Before Medina and Waterman, Circuit Judges, and Madden, Judge, United States Court of Claims.*fn*
Appellant was convicted of the crime of robbery in the first degree after trial by jury in 1956 in a New York State Court. During trial evidence was introduced against appellant that had been obtained by the State-authorized use of wiretaps.*fn1 Appellant's conviction was affirmed by the Appellate Division, First Department, People v. Graziano, 3 A.D.2d 1010, 165 N.Y.S.2d 445, and by the Court of Appeals, 4 N.Y.2d 881, 174 N.Y.S.2d 465, 150 N.E.2d 768. Following the affirmance by the Court of Appeals and preparatory to applying for a writ of certiorari to the United States Supreme Court, Graziano moved that the remittitur in his case be amended so as to show that the Court of Appeals had passed upon the issue of the legality of the introduction of wiretap evidence. The Court denied the motion, and appellant's petition for review by the United States Supreme Court was denied, 358 U.S. 851, 79 S. Ct. 79, 3 L. Ed. 2d 85.
Appellant then preferred to the United States District Court for the Northern District of New York his application for the issuance of a writ of habeas corpus in order to test there whether the evidence obtained as a result of this wiretapping was improperly admitted against him at his state court trial in the New York State Courts. The application was denied and, a certificate of probable cause and leave to appeal in forma pauperis having been granted, the case is before us on appeal from this denial. The same question is presented to us.
We have no difficulty in unanimously affirming the District Court, despite the fact that evidence presented against appellant was obtained and divulged in violation of 47 U.S.C.A. § 605. We believe that Schwartz v. State of Texas, 1952, 344 U.S. 199, 73 S. Ct. 232, 97 L. Ed. 231, is complete authority for the result we reach.Provided it has logical reference to the proof required to establish guilt, wiretap evidence obtained by New York State officers who have been affirmatively authorized to tap pursuant to Section 813-a of the State Code of Criminal Procedure is held by the New York Court of Appeals to be admissible in criminal cases in the New York Courts. People v. Variano, 1959, 5 N.Y.2d 391, 185 N.Y.S.2d 1, 157 N.E.2d 857; People v. Saperstein, 1957, 2 N.Y.2d 210, 159 N.Y.S.2d 160, 140 N.E.2d 252. Cf. People v. Dinan, 2nd Dept., 1958, 7 A.D.2d 119, 181 N.Y.S.2d 122, affirmed 1959, 6 N.Y.2d 715, 185 N.Y.S.2d 806, 158 N.E.2d 501, certiorari denied 1959, 361 U.S. 839, 80 S. Ct. 71, 4 L. Ed. 2d 78. Even though, unless authorized by the sender, evidence obtained by intercepted wiretap would be clearly inadmissible in a federal court, Nardone v. United States, 1937, 302 U.S. 379, 58 S. Ct. 275, 82 L. Ed. 314; Weiss v. United States, 1939, 308 U.S. 321, 329, 60 S. Ct. 269, 84 L. Ed. 298, introduction of the identical wiretap evidence in New York State Courts, although clearly violative of the federal prohibitory statute, is not thereby prevented. Wolf v. People of State of Colorado, 1949, 338 U.S. 25, 69 S. Ct. 1359, 93 L. Ed. 1782; Weeks v. United States, 1914, 232 U.S. 383, 34 S. Ct. 341, 58 L. Ed. 652. Cf. Benanti v. United States, 1957, 355 U.S. 96 at page 101, 78 S. Ct. 155, 2 L. Ed. 2d 126.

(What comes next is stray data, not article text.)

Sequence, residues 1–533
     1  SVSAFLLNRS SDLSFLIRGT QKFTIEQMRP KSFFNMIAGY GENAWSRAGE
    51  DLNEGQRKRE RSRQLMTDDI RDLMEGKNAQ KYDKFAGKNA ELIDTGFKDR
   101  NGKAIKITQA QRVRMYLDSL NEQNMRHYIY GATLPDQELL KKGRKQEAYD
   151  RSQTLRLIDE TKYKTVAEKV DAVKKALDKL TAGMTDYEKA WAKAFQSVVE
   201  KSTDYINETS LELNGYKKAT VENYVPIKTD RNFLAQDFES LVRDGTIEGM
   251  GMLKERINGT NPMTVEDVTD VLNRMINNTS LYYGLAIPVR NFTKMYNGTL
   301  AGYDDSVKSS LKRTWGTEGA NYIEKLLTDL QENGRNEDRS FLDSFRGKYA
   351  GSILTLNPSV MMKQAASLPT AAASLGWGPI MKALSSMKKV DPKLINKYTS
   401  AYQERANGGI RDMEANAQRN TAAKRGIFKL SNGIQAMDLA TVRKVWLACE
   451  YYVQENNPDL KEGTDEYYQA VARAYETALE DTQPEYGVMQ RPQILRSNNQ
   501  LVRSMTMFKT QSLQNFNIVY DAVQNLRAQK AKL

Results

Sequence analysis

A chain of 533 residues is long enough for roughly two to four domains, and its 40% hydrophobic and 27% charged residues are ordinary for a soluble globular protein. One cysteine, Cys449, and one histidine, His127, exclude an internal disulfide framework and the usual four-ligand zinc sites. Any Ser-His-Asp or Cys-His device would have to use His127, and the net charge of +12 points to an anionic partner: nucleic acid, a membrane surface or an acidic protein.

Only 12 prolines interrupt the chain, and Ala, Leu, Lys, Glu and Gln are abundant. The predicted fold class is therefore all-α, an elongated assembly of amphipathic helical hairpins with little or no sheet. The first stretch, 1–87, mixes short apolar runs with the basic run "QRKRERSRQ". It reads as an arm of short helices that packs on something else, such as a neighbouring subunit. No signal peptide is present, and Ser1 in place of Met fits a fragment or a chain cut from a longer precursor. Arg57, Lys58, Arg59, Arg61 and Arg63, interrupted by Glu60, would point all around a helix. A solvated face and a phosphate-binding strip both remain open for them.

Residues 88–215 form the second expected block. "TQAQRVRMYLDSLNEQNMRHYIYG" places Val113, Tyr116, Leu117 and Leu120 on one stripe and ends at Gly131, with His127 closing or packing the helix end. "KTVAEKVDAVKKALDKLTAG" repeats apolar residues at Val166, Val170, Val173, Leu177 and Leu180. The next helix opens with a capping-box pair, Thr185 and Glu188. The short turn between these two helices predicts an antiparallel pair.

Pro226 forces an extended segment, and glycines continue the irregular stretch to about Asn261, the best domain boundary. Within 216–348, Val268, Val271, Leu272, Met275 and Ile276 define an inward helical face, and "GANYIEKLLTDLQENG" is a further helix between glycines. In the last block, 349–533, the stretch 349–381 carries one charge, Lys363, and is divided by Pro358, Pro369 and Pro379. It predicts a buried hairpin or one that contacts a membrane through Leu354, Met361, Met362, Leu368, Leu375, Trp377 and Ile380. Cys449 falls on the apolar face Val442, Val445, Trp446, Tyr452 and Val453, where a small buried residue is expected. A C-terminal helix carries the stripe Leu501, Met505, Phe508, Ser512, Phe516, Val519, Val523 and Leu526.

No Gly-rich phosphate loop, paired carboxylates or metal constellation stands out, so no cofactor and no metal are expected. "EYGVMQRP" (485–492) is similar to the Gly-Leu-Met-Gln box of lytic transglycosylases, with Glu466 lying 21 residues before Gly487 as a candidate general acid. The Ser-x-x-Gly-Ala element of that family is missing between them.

As was stated in Schwartz v. State of Texas, supra, 344 U.S. at page 201, 73 S. Ct. at page 234, "[enforcement] of the statutory prohibition in § 605 can be achieved under the penal provisions of § 501."*fn2
There was no denial of any constitutional right. Schwartz v. State of Texas, supra. Appellant cannot be heard to complain because the wiretap communications were divulged and were of assistance in convicting him.
MEDINA, Circuit Judge (concurring).
I concur but with some reluctance. While I agree that there seems to be little likelihood that the rule of Schwartz v. State of Texas, 1952, 344 U.S. 199, 73 S. Ct. 232, 97 L. Ed. 231, will be changed, at least in the foreseeable future, it may well be that we are here dealing with something more than a state rule of evidence to the effect that evidence illegally obtained is admissible if relevant to the case and otherwise unobjectionable. The very fact that the State of New York not only has formulated through its courts a rule of evidence, but has also established and maintained, in its Constitution and legislation, a system of wiretapping that is persistently and continuously in operation through orders of New York judges authorizing the wiretapping and through New York enforcement officers who do the wiretapping and then divulge the wiretaps in testimony before Grand Juries and petit juries, all despite the ruling of the Supreme Court in Benanti v. United States, 1957, 355 U.S. 96, 78 S. Ct. 155, 2 L. Ed. 2d 126, to the effect that the entire system is illegal and in violation of the federal Communications Act of 1934, 47 U.S.C.A. § 605, and despite the Supremacy Clause, Article VI, Clause 2, U.S. Constitution, may well ...